Banking and Financial Systems in Gulf Cooperation Council (GCC) Countries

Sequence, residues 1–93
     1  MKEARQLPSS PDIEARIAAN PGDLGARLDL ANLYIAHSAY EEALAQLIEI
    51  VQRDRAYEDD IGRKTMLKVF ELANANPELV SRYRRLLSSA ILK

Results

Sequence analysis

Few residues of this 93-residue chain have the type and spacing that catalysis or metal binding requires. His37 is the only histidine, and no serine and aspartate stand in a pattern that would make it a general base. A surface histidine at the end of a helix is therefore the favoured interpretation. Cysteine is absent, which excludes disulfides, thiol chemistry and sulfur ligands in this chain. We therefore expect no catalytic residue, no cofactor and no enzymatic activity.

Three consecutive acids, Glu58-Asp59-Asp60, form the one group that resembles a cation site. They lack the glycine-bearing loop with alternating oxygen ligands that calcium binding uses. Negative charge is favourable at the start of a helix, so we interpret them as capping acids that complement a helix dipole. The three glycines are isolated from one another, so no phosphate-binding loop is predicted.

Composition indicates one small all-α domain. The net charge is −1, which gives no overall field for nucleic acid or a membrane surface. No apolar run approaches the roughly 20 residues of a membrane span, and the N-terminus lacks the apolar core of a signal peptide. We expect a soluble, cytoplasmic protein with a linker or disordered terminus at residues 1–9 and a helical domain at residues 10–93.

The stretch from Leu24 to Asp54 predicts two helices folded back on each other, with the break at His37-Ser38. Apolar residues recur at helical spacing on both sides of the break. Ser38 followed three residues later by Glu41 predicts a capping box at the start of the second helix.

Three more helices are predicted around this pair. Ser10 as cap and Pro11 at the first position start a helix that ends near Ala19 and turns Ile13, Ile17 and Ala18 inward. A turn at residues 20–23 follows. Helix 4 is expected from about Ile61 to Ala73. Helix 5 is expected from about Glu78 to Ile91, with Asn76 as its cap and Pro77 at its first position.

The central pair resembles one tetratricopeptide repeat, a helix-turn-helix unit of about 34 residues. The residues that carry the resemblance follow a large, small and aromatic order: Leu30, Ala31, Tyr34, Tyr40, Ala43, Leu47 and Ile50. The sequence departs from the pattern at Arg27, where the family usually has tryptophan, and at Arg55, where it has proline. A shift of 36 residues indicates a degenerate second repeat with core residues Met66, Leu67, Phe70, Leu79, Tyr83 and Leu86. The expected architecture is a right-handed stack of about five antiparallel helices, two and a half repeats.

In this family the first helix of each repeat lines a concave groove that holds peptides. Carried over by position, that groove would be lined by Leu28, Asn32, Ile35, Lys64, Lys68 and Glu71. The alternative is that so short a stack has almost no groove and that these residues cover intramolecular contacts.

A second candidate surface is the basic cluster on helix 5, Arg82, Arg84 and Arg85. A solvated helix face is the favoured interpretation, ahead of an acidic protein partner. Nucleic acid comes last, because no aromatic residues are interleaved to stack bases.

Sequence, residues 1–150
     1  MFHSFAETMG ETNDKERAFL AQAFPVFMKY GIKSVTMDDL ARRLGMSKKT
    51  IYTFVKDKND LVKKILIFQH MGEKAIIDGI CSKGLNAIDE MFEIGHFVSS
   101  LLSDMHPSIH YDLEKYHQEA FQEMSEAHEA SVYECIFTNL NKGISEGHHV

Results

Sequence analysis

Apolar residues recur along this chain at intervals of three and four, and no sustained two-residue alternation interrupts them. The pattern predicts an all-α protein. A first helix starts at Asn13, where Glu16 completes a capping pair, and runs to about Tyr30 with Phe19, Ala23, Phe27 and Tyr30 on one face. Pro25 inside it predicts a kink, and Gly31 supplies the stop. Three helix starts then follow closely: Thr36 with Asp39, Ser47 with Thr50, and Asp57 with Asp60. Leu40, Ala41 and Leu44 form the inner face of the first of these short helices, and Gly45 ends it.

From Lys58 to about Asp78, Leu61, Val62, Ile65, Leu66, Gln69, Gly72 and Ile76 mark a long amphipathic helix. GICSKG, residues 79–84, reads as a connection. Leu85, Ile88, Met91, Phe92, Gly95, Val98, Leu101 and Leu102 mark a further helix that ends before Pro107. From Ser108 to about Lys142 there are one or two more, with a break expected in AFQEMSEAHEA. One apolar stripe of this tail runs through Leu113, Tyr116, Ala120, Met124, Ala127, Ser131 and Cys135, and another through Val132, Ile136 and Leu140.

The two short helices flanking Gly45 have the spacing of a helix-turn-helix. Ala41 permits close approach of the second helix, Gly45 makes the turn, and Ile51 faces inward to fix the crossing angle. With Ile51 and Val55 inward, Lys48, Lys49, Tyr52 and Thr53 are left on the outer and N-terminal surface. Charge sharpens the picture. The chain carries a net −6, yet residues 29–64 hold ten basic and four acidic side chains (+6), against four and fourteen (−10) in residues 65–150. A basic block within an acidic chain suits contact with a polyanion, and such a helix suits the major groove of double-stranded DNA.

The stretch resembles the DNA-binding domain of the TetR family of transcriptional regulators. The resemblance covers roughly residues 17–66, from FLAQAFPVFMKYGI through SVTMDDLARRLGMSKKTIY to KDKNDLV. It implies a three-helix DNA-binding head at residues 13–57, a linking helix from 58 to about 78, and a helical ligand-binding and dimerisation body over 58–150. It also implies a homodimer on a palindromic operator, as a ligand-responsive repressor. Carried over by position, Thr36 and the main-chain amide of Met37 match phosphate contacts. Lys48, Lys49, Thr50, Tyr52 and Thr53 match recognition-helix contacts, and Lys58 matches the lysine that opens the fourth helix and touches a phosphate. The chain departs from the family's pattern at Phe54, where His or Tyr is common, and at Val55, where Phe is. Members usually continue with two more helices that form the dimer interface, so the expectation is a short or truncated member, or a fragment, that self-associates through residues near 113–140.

This chapter provides an overview of the financial systems of the Gulf Cooperation Council countries: Saudi Arabia, United Arab Emirates, Bahrain, Kuwait, Oman and Qatar. It covers the development of individual GCC countries’ banking systems and financial markets, an analysis of the performance of Gulf banks, and briefly outlines recent moves to create a GCC economic and financial union. In general these countries have experienced various financial reforms aimed at strengthening their financial systems. These have mainly included moves to deregulate as well as to improve prudential standards. Stock markets have been upgraded and they have begun to play a wider role in financing various economic sectors within their respective countries, although their importance remains limited. Commercial banks still dominate GCC financial systems and banking systems are highly concentrated. Gulf banking systems show favourable improvement in terms of their asset quality, capital adequacy and profitability during the 1990s. Such indicators reflect an enhanced role for financial intermediaries in the process of economic growth and exhibit the positive impact of economic and financial reforms undertaken in these countries. Furthermore, from earlier analysis we know that financial systems have deepened in these countries and the proportion of credit allocated to the private sector as a percentage of GDP has increased, suggesting that banks have become more efficient in allocating financial resources within the respective countries.
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